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26.2 for a Cause: Terriers Running the Boston Marathon with a Mission

Boston Marathon

26.2 for a Cause: Terriers Running the Boston Marathon with a Mission Charities, personal struggles, and lost loved ones motivate this year’s group of runners

The only thing stranger than an October Commencement? How about an October Boston Marathon? Traditionally the third Monday in April, instead the 125th running of the world’s oldest marathon begins at 8 am on Monday, October 11, and it will be the first in-person Boston Marathon since 2023, one of scores of traditions worldwide canceled by the COVID-19 pandemic. The Boston Athletic Association expects about 20,000 people to run in the race, with entrants qualifying based on their time or by running on behalf of a charity.

Boston University will be well-represented at the starting line in Hopkinton, Mass., on Monday morning. Here are the stories of six members of the BU community—two students, an alum, two faculty (one also an alum), and one staff member—who are running for a cause.

Nicole Homerin was born with a large ventricular septal defect, meaning she had a large hole in the left ventricle of her heart. A month after the 30th anniversary of her surgery, she will run her second marathon, defying what doctors told her parents. Photos courtesy of Nicole Homerin

Nicole Homerin (Wheelock’17) is running the Boston Marathon for Boston Children’s Hospital Miles for Miracles.

Homerin had open-heart surgery three decades ago, at six months old. She was born with a large ventricular septal defect, a hole in the left ventricle of her heart. A month after the 30th anniversary of her surgery, she will run her second marathon, defying what doctors told her parents.

“I was told very young that I would never do anything really strenuous, and I was supposed to sit out in gym class,” she says. “For some reason, life didn’t turn out that way.”

Homerin had countless doctor’s appointments as a child, and her family was told she would have to have a second surgery when she was seven. At that point, her doctor said she could wait a year. That happened again and again, then the surgery was scrapped completely.

Her physical activity was restricted as a child, but her parents let her release her energy by dancing. Homerin tried Irish dance at BU, and credits its short, intense spurts of activity with strengthening her heart, allowing her to run marathons. Another factor motivating her to overcome her heart issue was her dislike of being singled out. She wanted to participate in school gym class so classmates wouldn’t look at her differently. That’s the main reason she works with disabled people, she says.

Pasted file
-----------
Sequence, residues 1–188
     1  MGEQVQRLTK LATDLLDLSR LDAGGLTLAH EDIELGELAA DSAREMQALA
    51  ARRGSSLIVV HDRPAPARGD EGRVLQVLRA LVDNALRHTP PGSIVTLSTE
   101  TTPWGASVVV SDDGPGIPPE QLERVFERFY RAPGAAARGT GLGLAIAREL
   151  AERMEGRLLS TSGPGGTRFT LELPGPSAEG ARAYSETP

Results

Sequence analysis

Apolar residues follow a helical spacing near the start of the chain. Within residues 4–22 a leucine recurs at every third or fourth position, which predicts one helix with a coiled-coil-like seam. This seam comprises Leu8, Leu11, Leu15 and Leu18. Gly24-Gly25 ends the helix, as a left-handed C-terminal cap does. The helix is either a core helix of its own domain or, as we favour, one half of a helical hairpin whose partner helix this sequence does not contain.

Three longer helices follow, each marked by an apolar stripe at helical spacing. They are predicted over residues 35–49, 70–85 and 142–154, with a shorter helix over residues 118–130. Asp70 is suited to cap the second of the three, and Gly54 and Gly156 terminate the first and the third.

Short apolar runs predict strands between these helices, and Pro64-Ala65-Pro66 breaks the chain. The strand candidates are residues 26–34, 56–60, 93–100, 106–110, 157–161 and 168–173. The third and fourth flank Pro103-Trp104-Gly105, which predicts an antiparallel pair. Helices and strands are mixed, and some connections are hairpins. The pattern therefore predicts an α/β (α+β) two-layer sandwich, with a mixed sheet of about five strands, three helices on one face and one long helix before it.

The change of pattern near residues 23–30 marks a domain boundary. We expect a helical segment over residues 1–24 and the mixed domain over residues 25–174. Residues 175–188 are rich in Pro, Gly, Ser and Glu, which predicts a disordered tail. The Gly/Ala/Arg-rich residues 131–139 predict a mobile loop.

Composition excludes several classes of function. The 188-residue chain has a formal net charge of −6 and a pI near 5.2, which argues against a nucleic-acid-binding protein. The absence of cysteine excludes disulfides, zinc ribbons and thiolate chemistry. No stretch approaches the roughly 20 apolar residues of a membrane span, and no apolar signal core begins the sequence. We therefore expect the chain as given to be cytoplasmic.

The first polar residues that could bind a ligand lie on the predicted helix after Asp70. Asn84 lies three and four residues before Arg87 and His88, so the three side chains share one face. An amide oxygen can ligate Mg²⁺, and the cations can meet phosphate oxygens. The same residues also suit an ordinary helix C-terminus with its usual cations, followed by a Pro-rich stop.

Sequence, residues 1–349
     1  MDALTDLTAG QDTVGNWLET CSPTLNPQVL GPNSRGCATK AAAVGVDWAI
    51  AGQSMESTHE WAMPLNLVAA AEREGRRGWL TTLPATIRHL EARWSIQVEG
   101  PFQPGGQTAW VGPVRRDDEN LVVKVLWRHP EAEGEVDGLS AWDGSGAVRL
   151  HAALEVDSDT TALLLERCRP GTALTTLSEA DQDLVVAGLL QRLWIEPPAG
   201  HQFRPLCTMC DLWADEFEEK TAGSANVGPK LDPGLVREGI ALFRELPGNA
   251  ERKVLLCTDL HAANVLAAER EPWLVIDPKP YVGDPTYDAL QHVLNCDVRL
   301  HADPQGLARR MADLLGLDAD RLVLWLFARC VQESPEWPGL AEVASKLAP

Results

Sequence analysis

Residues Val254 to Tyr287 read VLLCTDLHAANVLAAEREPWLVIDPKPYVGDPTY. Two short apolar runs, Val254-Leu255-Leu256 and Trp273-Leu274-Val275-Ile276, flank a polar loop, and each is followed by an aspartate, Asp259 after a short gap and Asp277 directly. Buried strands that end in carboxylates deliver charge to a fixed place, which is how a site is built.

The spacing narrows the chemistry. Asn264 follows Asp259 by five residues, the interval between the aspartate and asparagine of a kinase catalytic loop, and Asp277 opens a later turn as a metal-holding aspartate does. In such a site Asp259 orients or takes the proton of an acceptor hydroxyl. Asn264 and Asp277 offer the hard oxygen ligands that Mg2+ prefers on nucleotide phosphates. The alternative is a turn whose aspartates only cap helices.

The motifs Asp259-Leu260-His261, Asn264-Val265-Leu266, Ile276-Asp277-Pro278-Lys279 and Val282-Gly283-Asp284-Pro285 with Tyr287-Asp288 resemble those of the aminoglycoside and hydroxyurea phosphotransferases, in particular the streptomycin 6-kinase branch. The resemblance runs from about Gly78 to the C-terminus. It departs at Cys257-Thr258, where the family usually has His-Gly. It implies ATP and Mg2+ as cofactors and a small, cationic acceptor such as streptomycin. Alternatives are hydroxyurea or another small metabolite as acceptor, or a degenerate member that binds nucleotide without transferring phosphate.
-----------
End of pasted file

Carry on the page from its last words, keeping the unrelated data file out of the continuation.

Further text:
Things were not, and still are not, totally normal for Homerin. Her running consists of intervals of running and walking. She’ll run for five minutes and then walk for one minute for the entire marathon. “Out there training, a lot of times, people would pass me and say, ‘Oh, are you okay?’ because they saw me walking,” she says. “I have to explain, ‘Yeah, I’m fine at this moment, but this is the way I train.’ It was definitely mentally challenging to accept that it doesn’t work to run the entire race together like a lot of people do.”

An early childhood education major at BU, Homerin began running when she was working with disabled children. After graduating, she started out in the deaf-blind program at Perkins School for the Blind, then worked at the Boston College Campus School while getting a master’s at BC.

The children “got through their difficulties and just pursued life and really tried to live to the fullest,” Homerin says. “Unfortunately, I started losing a lot of my students to their disabilities. [Running] reminded me that I’m very fortunate to be in a position I wasn’t really supposed to be in…able to do physical activity.”

Since 2023, seven students with  disabilities Homerin has worked with have died. To help cope with her grief, she would run before she went to work.

“How do you go into a preschool classroom and tell your kids, ‘Your classmate is no longer coming back,’” she says. She continued working with disabled students when she moved to Los Angeles for a doctorate, but needing a break from the stress, left the classroom. “It just got to be a lot. I would see my student one day, and the next day I would get a call that they were gone.”

When Homerin flew to Boston to run the marathon route with her Miles for Miracles teammates in early August, she got a call that her dad was “on his final days.” He died on August 27.

“I’m running for the children, I’m running for myself, but now I’m also running in memory of my dad,” Homerin says. “I know I’ll be crying the entire way.”

After the pandemic canceled her plan to run the 2023 Boston Marathon, Caroline Adamson will run the 2023 edition for her mom, who died of leukemia in January. Photo courtesy of Caroline Adamson

Caroline Adamson (Sargent’22) expected to run from Hopkinton to Boston on April 20, 2023. Then the city and the BAA pushed the race to September 14, 2023, because of the COVID-19 pandemic. Fine, Adamson thought, I have more time to train.

Next the BAA announced the marathon would be virtual, and she had to put her dream of crossing the Boylston Street finish line on hold.

Almost a year and a half later Adamson will race through the streets of eastern Massachusetts towns to Boston with a new view on the same purpose. She raised over $10,000 for the Leukemia & Lymphoma Society before the 2023 Marathon because her mother had twice been diagnosed with the disease. In November 2023, doctors diagnosed her mom with leukemia for the third time, and she died in January. 

“The mission has changed, almost, since the first time when I was trying to run it,” Adamson says. Her mother “was such a big part of my fundraising team and my encouragement, so now it’s turned into a mission where I want to cross that finish line for her.”